Monday, January 9, 2012
THE PYX (1973)
(Canada - 1973) Directed by Harvey Hart. Written by Robert Schlitt. Cast: Karen Black, Christopher Plummer, Donald Pilon, Jean-Louis Roux, Yvette Brind'amour, Lee Broker, Terry Haig. 107 mins. R.
There's an unsettling, almost suffocating sense of dread that permeates this strange Montreal-set thriller that's often labeled a "Satanism" horror flick but actually feels more like a Canadian giallo. I was reminded of two Italian gialli in particular while watching: Aldo Lado's SHORT NIGHT OF GLASS DOLLS (1971) and Flavio Mogherini's THE PYJAMA GIRL CASE (1977). The later PYJAMA GIRL CASE shares THE PYX's set-up of an alternating storyline that follows the investigation of a woman's death, juxtaposing it with following the victim in the days leading up to her demise. While PYJAMA GIRL treated that element as a plot twist, THE PYX sets it up from the start, with a body plummeting from the penthouse of an apartment building onto the street below. The dead woman is Elizabeth Lucy (Karen Black), a heroin-addicted prostitute. Leading the investigation is Sgt. Henderson (Christopher Plummer), who doesn't believe Elizabeth's death was accidental and knows he's close to uncovering a disturbing conspiracy when people who knew Elizabeth start turning up dead.
A low-key, very downbeat thriller with horrific elements, THE PYX, directed by longtime TV veteran Harvey Hart, is a thought-provoking, offbeat film unlike any of the "devil movies" that were in vogue during that period. The film was recently released on DVD by Scorpion Releasing in its proper 2.35:1 aspect ratio, after years of bad transfers on various public domain releases, sometimes luridly retitled THE HOOKER CULT MURDERS.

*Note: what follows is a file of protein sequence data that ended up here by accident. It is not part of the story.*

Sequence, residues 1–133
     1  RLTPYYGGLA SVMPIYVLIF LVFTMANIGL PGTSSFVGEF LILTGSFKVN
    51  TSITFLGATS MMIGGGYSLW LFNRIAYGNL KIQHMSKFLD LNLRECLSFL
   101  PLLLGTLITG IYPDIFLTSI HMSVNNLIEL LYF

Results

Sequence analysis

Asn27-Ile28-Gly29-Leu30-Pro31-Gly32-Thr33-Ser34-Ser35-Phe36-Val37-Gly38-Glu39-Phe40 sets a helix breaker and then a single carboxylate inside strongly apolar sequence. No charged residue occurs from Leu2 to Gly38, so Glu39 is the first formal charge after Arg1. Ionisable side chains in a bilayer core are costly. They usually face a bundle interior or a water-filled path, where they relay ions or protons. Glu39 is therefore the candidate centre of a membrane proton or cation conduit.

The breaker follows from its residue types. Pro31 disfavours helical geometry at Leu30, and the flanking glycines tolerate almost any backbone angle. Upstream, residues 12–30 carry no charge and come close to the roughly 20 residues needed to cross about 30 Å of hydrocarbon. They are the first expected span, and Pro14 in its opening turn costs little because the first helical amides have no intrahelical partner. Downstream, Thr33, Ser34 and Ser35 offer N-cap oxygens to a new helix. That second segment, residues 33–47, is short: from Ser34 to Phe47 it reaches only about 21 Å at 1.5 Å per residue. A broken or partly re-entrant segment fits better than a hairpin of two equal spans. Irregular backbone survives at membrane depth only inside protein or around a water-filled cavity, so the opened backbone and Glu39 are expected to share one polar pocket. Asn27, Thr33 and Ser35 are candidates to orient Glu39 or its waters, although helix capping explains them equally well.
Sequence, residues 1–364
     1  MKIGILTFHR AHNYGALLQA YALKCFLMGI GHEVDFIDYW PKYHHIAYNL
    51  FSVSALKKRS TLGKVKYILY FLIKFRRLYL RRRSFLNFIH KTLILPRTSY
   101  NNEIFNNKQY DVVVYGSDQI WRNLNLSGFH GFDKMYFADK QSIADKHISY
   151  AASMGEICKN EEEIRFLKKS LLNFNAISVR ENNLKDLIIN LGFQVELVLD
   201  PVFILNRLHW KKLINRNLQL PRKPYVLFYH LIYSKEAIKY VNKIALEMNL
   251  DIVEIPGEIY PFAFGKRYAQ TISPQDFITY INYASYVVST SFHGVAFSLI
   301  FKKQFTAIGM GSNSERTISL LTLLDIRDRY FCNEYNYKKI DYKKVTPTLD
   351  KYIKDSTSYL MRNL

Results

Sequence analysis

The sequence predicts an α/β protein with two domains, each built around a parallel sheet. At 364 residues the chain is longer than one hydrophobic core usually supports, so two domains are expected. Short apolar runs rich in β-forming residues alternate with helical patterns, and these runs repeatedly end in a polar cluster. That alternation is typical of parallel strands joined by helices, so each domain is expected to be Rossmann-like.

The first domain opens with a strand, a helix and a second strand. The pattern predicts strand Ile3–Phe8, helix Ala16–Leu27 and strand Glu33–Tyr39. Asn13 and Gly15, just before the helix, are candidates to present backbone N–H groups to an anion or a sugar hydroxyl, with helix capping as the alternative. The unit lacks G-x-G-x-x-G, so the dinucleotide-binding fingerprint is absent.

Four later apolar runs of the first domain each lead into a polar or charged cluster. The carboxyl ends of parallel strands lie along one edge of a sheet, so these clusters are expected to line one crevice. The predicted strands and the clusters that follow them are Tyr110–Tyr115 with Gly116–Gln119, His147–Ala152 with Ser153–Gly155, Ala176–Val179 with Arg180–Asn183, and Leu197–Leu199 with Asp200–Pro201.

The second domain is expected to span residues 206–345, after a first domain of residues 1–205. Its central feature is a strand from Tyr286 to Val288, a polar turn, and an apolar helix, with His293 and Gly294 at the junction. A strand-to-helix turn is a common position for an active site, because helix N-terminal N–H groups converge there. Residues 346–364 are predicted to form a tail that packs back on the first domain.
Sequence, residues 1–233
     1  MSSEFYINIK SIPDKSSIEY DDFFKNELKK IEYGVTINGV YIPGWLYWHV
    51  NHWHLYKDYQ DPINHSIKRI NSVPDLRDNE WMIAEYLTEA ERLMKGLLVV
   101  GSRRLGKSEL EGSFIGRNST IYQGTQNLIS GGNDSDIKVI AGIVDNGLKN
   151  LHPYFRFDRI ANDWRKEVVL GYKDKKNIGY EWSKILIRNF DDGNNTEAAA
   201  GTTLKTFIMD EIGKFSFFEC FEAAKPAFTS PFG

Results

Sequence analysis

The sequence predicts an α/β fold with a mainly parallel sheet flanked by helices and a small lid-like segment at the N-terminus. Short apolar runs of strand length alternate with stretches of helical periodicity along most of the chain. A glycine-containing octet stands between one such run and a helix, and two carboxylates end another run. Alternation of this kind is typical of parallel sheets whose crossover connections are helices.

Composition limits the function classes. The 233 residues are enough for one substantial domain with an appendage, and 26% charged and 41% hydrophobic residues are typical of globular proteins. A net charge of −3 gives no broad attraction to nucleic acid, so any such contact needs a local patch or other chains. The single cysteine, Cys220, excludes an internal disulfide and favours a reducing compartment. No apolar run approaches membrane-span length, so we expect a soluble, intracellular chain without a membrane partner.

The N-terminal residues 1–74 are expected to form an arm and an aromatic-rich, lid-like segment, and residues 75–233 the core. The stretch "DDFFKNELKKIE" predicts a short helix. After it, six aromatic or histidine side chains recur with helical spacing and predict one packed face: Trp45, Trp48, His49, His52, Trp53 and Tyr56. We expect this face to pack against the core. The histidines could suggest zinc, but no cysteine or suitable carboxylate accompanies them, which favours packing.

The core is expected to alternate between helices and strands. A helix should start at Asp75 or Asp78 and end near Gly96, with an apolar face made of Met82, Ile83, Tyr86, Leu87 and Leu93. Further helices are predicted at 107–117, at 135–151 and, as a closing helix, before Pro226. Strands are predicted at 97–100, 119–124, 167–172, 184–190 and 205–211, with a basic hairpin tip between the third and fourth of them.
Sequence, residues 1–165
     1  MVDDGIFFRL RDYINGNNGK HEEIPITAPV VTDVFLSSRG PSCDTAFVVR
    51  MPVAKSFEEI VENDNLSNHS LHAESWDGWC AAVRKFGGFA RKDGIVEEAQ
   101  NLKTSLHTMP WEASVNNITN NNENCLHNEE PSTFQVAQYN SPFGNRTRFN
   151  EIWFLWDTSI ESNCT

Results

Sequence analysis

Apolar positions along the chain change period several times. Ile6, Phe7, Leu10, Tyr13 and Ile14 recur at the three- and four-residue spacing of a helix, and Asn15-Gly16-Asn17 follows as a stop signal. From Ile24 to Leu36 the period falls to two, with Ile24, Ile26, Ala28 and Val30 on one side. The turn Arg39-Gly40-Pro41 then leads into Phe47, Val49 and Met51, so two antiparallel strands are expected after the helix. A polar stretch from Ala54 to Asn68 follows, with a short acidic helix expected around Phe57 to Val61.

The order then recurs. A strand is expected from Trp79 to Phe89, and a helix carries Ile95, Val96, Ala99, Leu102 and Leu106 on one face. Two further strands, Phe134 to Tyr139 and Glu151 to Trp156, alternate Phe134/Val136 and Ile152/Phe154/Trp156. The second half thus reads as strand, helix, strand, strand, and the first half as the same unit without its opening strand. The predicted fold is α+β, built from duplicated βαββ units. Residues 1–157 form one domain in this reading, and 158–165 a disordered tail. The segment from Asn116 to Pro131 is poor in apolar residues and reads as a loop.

Scorpion presents the film in a very nice transfer as part of their inane "Katarina's Nightmare Theater" line, with ex-WWE star Katarina Leigh Waters acting as a horror hostess. Fortunately, you can skip her intro and go right to the film. There's a commentary track with Black, who also sang three effectively haunting songs heard in the film that only add to the downbeat, chilly atmosphere. Hampered only by some occasionally choppy editing, THE PYX is a lost-in-the-shuffle gem that cult movie nerds have largely kept to themselves for nearly 40 years. It doesn't help that it was probably never marketed correctly.